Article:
The case for connection: The next phase in the evolution of UK tech
For the last decade, inventors, investors, and government have looked to London to sustain the continuing growth of the nation’s tech startup ecosystem. Now the integration of cities across the UK into a national network will be crucial to the next phase of that ecosystem’s evolution. Natasha Guerra, CEO and co-founder of Runway East, explains why.
East London’s renowned “Silicon Roundabout” has been at the heart of the tech startup boom, the centre of a vibrant ecosystem cultivated over several years that has seen the capital spawn a number of world-class companies. But, while London’s huge scale and reach does still make it an undeniably attractive place to start and grow a fledgling business, there have been signs that London alone cannot sustain the growth of the UK’s startup economy. The next phase in the evolution of the UK’s innovation ecosystem will need to be directed by efforts to put burgeoning startup communities across the UK– to date, mainly supported in isolation of each other – on a more equal footing as part of a genuinely connected nationwide ecosystem that empowers tech UK startups to access everything they need to realise their full potential wherever they are based.
The London tech startup scene has become almost too successful for its own good, with companies facing ever-intensifying competition for – not to mention increasing cost of – talent, funding, space, and the other resources they depend on to sustain their growth. The squeeze on space, for example, can be seen in how so many co-working spaces (not Runway East, I hasten to add, which remains proudly committed to its focus on supporting startups) are increasingly occupied by well-funded corporates, agencies, and consultancies, themselves fleeing rising commercial property prices but having a knock-on effect on supply (and therefore price) of space for startups. WeWork, for example, recently admitted that just 15% of its members are software companies, highlighting how even flexible workspace is incredibly competitive for startups.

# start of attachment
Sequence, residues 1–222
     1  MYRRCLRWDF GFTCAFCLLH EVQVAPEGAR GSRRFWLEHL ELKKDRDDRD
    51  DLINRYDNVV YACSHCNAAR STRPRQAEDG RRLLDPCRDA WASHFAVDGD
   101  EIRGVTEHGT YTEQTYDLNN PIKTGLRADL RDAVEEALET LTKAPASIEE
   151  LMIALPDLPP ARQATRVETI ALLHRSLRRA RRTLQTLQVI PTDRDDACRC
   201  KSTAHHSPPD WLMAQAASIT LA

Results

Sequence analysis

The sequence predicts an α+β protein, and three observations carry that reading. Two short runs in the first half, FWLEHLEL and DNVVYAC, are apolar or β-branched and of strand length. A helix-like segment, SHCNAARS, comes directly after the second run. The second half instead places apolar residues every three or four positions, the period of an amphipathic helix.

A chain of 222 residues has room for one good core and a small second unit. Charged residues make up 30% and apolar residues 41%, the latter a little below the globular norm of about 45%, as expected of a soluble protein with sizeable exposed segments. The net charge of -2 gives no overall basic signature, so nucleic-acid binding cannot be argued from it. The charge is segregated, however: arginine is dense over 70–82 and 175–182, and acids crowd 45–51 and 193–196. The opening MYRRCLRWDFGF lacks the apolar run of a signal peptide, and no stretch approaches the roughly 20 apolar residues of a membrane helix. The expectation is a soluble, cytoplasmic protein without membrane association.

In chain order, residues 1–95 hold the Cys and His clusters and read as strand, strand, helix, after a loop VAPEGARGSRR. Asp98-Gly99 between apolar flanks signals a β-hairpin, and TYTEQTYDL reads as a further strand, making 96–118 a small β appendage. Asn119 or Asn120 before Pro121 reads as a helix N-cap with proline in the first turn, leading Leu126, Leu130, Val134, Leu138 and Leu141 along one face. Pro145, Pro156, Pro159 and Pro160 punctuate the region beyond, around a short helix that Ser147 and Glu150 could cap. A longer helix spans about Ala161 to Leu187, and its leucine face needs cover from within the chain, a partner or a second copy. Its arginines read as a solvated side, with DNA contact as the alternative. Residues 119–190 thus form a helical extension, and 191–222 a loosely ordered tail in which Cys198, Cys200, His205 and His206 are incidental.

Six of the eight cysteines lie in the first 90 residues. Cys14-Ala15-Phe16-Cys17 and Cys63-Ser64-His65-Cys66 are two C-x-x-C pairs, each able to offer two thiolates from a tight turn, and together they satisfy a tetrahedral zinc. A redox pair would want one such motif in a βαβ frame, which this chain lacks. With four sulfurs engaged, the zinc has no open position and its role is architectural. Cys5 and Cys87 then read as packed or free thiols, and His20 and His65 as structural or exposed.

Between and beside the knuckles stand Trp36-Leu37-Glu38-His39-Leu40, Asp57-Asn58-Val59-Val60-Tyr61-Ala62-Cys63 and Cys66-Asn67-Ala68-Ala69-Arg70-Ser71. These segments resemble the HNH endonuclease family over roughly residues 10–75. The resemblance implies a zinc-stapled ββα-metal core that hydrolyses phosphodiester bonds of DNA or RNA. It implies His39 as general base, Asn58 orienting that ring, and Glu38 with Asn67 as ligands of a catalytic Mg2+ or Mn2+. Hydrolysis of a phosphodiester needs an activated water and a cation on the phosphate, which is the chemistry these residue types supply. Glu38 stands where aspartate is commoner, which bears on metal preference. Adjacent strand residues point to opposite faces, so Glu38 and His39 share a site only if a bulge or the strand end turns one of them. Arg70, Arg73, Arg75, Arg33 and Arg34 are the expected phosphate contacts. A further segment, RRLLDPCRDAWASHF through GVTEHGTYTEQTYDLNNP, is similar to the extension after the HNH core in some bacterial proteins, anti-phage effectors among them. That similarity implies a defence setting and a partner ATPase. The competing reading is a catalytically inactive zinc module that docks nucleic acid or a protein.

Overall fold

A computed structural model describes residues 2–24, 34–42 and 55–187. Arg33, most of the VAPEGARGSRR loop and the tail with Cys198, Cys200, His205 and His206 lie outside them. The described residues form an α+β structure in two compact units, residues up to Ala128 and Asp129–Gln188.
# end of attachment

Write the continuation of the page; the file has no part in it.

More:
Why, then, are we not seeing more startups taking the plunge and setting up in any number of regional cities that can offer more space at lower cost and less competitive talent pools?
A major factor is FOMO – the concern that setting up shop elsewhere will leave them at risk of being cut off from London, the “spiritual home” of UK tech startups that provides access to a vast support network of investors, accelerators, co-working spaces, and industry bodies. VCs and tech giants – and government initiatives directed towards supporting the technology industry – have perhaps inadvertently helped to perpetuate this misconception by focusing their efforts primarily on London. It’s no coincidence that almost 80% of the entire country’s venture capital tech funding last year went to London, according to figures from PitchBook.
Whether deliberate or not, this focus on London has tended to see other tech hubs around the country to be cast as “second fiddle” to London – secondary destinations where even the biggest and best startups are destined only to be big fish in small ponds – while London is where the big money and best talent inevitably ends up. This outlook is far from helpful. It belittles the achievements of startups from outside London and can seem to impose artificial limitations on ambition within the country’s other fruitful regions – a plainly ridiculous notion when ‘unicorns’ such as Skyscanner and The Hut Group have successfully grown outside the capital.